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Preventing soil erosion with polymer additives

Previniendo la Erosión del Suelo con Aditivos de Polímeros

Orts, William J. and Sojka, Robert E. and Glenn, Gregory M. and Gross, Richard A. (1999) Preventing soil erosion with polymer additives. Polymer News. 24:406-413.

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The agricultural use of polyacrylamide, PAM, as an additive
in irrigation water has grown rapidly since commercial
introduction in 1995, with over l million acres treated in 1998.
PAM provides both economic and environmental benefits by
improving water infiltration and reducing up to 98% of erosion-induced
soil losses — a yearly saving of tons of topsoil per acre.
With as little as 5 ppm of PAM in the first irrigation water to run
across the field, soil cohesion increases enough to prevent
particle detachment and erosion. Stable soil/polymer flocs result
from PAM's high molecular weight (typically > 12 million) and
its affinity to soil via coulombic and Van der Waals attraction.
Although water soluble linear PAM is the only class of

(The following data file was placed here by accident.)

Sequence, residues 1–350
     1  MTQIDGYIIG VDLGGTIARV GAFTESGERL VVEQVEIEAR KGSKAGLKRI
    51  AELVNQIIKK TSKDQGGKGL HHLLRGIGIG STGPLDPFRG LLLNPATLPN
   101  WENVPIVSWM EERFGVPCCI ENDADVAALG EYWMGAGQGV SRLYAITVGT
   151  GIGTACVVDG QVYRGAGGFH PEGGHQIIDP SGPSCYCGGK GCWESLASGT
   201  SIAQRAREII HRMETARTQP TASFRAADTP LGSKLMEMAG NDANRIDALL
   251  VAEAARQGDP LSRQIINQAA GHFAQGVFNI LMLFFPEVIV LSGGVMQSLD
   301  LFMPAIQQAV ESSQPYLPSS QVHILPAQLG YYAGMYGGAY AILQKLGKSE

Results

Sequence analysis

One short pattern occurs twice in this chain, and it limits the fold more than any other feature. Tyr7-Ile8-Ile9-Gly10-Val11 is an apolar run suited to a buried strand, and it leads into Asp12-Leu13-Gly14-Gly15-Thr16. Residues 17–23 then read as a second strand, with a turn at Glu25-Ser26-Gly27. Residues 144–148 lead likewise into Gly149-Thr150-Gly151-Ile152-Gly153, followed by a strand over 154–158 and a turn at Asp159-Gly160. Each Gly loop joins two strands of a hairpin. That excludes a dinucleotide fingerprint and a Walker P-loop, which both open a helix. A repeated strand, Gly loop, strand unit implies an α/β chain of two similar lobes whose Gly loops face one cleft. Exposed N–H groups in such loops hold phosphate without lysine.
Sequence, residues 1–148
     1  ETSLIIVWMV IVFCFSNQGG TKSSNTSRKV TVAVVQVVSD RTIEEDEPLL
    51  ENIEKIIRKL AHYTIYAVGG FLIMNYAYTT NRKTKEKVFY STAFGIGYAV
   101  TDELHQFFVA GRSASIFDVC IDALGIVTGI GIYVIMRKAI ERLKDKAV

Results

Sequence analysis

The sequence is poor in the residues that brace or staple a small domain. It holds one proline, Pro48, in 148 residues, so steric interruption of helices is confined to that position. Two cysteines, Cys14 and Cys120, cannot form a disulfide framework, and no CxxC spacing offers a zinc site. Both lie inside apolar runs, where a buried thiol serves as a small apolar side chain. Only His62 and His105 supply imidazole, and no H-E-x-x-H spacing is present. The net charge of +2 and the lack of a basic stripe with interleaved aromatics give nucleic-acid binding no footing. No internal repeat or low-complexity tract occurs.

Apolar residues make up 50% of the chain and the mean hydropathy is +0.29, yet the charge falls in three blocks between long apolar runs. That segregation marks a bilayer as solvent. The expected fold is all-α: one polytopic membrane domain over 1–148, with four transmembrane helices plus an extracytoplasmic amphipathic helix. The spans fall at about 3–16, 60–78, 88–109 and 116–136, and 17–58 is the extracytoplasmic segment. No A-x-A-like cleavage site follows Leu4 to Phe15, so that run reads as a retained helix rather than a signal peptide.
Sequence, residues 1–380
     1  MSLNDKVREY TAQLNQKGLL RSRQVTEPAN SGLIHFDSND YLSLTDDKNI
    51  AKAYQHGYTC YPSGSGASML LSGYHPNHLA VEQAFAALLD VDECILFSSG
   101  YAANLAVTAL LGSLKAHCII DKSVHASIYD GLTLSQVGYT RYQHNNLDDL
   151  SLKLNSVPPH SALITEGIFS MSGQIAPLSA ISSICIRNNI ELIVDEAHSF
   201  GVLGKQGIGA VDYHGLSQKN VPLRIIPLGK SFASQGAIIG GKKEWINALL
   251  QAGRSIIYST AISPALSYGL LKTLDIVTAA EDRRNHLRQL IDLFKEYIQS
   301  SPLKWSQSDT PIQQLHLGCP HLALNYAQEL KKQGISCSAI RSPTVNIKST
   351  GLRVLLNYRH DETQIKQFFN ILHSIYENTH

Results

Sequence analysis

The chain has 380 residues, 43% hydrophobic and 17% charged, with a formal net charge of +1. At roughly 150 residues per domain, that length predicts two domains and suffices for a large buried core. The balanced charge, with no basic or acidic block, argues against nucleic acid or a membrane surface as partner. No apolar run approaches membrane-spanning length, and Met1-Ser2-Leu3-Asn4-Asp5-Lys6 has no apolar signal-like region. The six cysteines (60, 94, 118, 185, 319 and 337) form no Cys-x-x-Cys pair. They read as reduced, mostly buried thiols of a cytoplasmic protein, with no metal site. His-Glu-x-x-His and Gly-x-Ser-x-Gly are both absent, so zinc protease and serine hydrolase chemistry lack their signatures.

commercial polymer presently used to reduce erosion during
irrigation, other polymer additives have shown some potential.
Biopolymers such as chitosan, starch xanthate, cellulose
xanthate, and acid-hydrolyzed cellulose microfibrils reduce
shear-induced erosion; however concentrations at least 6-10
times higher than PAM are required to obtain the > 90% runoff
sediment reduction shown by commercial PAM. The application
of PAM in agricultural irrigation water and potential biopolymer
alternatives to PAM are discussed

Item Type: Article
NWISRL Publication Number: 1008
Subjects: Soil > Erosion
Mass Import - autoclassified (may be erroneous)
Depositing User: Dan Stieneke
Date Deposited: 20 Nov 2010 21:50
Last Modified: 16 Nov 2016 17:32
Item ID: 96